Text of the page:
Grateful for our health! We promise never again to take it for granted. 

Grateful for Sassy and Scout, for our little house, and the simple life we share. Grateful for home-cooked meals by the fire, and for the soothing sound of the rain on my new rainroof, an early birthday gift from Sass. Grateful to have a home at all, especially now, as so many are facing eviction. 

Grateful to all the essential workers, first responders, health care professionals, vaccine developers, farmers, truckers, delivery people and grocers who labored tirelessly on our behalf this year.  

Grateful for technology! As difficult as this quarantine has been, imagine how much worse it was for folks during the previous pandemic 100 years ago. At least we are able to stay in touch with one another! Grateful for many virtual heart-to-hearts via email, text and videophone! Grateful for Skype, FaceTime, Zoom, and social media. 

Grateful, too, for the things I learned during this solitary period of self-discovery. I found out, for example, that my work doesn’t define me. It turns out that I don’t actually need to perform to be happy. Grateful for this unexpected, but welcome, preview of my own future, and the opportunity to know what it will feel like when I finally get off the road and retire. I learned that the simple rituals of this rural life -- walking, reading, gardening, watching movies, listening to music, talking with a friend, playing with the dog, ruminating, puttering around the house -- these will be enough for me. How comforting! 

Grateful to everyone who voted in the recent election, despite the many attempts to disenfranchise voters. Grateful for the courageous poll workers, election officials, cyber-security experts and legal professionals who stood up against craven efforts to undermine the democratic process. 

Grateful, also, for all the brave investigative journalists, fact-checkers, whistleblowers, anti-racists, anti-fascists and compassionate activists who stand up, speak truth to power, and call out deplorable behavior. Grateful for decency. 

Grateful for family and friends, including several important people from my past with whom I reconnected this year. So grateful to have them in my life. Most of all, I’m astonished by all the good people who generously offered us help, even when we were reluctant to ask.

You kept our lights on and our creative fires burning.

You made sure that we never lost hope. 

So grateful for Adam, Amy, Andrea, Andy, Annabelle, Annette, Aragon High School, Arrivederci Wine & Jazz, Bill, BJ, BMI, Barbara, Benjamin, Beth, Bill, Bloomfield Hills High School, Bob & Sue, Brandon, Bruce, California Jazz Conservatory, Carlos, Caruccio’s, ChiChi & Kent, Chris, Clairdee, Curtis, Dan, Danielle, David, Debbie, Derek & Michelle, Destiny, Dick, Donna, Dorothy Jean, Earshot Jazz, Eastern Oregon University, Eric, Evan, Federal Emergency Management Agency, Flo, Fudgie, Geraldine, Grays Harbor College, Greg, Hillsdale High School, Hope College, Jack, Janice, Jazz Foundation of America, Jazz In AZ, Jazz Night School, Jeff, Jenny, Jerry, Jo, John, Jordan, Joseph, Josie Anne, Joyce, JP, Judith, Judy, Kander, Karen & Bob, Keith, Kelso High School, Kent, Kurt, La Grande High School, Larissa, Louise, Lower Columbia College, Lydia, Lynne, Mabey, Manieri Foundation, Marge, Mark, Mary, Mesa Community College, Michael, Michelle, Mike, Mt. Hood Community College, MusiCares, Nedra, Nine Mile Falls School District, Noal, Noir City Festival, Ott & Hunter Winery, Paradise Valley Country Club, Patti & George, Peaches & Rocket, Phyllis, Randy, Rick, RK, Rob, Ron, Ruben, Sam, Sandi, San Mateo Union High School District, Sassy, Scottsdale Unified School District, Seasons Performance Hall, Seattle JazzED, Sequoia Union High School District, Shanna, Shelley, Sheri & Julian, StageIt, Sue, Sumner-Bonney Lake School District, Susan, Swingin’ Sounds, Terry, Teutonic Wine Company, Tom, Triple Door, Vespers In The Valley, Western Washington University, West Valley College, Wind Rose Cellars, and Wilson.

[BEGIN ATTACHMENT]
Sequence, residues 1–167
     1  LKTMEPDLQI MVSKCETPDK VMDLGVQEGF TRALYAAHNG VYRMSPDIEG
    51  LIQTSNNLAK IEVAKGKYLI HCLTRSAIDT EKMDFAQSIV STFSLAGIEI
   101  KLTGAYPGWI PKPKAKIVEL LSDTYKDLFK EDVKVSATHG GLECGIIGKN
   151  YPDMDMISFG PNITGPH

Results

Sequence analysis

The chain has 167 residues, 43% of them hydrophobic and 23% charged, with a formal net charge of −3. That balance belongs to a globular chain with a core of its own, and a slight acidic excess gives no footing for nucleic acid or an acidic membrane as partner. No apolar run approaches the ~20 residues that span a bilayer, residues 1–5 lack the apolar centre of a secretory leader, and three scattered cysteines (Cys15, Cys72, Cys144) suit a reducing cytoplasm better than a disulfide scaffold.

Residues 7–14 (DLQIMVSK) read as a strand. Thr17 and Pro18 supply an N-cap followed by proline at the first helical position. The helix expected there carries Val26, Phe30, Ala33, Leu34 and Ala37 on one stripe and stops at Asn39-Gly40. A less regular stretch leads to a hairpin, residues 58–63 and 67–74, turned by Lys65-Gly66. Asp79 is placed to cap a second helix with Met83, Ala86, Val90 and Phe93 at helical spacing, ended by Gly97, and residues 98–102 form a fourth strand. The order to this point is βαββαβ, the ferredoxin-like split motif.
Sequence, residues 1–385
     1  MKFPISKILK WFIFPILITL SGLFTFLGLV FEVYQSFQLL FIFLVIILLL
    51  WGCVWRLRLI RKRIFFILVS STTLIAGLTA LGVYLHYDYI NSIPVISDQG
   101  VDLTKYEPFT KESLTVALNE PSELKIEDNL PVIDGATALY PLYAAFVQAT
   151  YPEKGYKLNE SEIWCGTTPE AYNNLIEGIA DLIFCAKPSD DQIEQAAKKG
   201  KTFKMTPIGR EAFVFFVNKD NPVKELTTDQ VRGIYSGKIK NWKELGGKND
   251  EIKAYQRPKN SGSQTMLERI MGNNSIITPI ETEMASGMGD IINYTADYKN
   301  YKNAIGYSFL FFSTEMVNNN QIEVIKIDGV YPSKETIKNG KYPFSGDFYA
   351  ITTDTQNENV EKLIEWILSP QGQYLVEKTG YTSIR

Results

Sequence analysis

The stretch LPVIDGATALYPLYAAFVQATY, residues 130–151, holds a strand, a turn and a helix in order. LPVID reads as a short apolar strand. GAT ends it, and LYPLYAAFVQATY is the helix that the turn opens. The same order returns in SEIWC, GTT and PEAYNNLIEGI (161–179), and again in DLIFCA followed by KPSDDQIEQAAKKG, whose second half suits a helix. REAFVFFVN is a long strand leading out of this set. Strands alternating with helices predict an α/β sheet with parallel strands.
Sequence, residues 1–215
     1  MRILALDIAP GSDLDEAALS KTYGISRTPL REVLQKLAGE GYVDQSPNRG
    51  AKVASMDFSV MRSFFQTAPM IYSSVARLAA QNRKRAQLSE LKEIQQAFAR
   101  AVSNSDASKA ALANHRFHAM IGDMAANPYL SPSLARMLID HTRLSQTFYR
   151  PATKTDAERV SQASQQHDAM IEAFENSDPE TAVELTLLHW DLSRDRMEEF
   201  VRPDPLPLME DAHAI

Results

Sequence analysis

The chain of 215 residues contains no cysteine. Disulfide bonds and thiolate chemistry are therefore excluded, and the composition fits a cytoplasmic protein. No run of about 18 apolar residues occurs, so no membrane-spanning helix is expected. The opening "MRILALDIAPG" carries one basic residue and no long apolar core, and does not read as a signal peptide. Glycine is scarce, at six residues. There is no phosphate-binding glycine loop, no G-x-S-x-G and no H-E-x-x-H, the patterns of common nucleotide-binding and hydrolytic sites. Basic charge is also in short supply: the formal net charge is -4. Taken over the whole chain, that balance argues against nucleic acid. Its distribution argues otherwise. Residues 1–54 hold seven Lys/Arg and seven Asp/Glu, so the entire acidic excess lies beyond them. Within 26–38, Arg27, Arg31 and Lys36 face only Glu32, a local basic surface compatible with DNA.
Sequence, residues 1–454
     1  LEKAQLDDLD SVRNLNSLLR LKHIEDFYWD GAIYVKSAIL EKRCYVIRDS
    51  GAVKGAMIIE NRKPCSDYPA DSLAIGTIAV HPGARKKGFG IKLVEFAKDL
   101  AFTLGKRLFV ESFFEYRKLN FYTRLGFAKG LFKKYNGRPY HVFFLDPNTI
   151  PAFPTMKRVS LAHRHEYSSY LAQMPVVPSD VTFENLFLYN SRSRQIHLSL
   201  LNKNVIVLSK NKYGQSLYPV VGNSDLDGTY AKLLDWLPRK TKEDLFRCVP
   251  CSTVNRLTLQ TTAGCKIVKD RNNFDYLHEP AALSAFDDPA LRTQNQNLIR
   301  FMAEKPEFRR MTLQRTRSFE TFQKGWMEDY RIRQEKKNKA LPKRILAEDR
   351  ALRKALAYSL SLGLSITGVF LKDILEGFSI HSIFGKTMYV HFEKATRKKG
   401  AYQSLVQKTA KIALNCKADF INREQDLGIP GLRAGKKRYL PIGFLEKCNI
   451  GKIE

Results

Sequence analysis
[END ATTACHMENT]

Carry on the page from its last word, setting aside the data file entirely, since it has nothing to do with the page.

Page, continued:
From the bottom of our hearts, thank you. We endeavor to be worthy, and pledge to "pay it forward" whenever and however we can. 

From our Quaranteam to yours: we appreciate you. Please stay safe, stay healthy, and remember that you’re not alone.  

We’re all in this together! 

Happy New Year!

~Dmitri

REMEMBERING WILLIAM D. MATHENY 

William Douglas Matheny

October 24, 1936 — December 19, 2020

William Douglas Matheny, 84, died December 19, 2020 in Tucson, Arizona.  

He was born October 24, 1936 in Nashville, Tennessee, the eldest son of William Ewing Matheny and Gladys Ella Bruce Capley Matheny.  

Bill attended Columbia High School in Columbia, Tennessee, where he distinguished himself as an honor student and a champion amateur boxer in the regional Golden Gloves competition.  

He majored in English and History at Belmont College (Nashville, Tennessee), earning his Bachelor of Arts in 1960 prior to studying Russian Language at Syracuse University (Syracuse, New York). He earned a Master of Arts In Teaching with an emphasis in Russian Studies from Vanderbilt University (Nashville, Tennessee) in 1971. 

Matheny served in the United States Air Force Security Service from 1961-63, and worked as a buyer for Castner-Knott Department Stores from 1963-70 before beginning his career as a schoolteacher. 

From 1971-78, Matheny served as Chair of the English Department for Brookstone School, a private college preparatory academy in Columbus, Georgia, where he taught English, Russian Humanities, Ornithology and Social Studies. A member of the prestigious Cum Laude Society, he was much beloved by his students, and was awarded the Columbus Chamber of Commerce “Star Teacher” award in 1977.  

Matheny relocated to Arizona in the summer of 1977, where he worked briefly in the Marana School District before becoming head of the history department at Green Fields Country Day School from 1980-89. In 1989, he helped to organize and lead a Green Fields student/teacher exchange trip abroad to Kiev, Ukraine.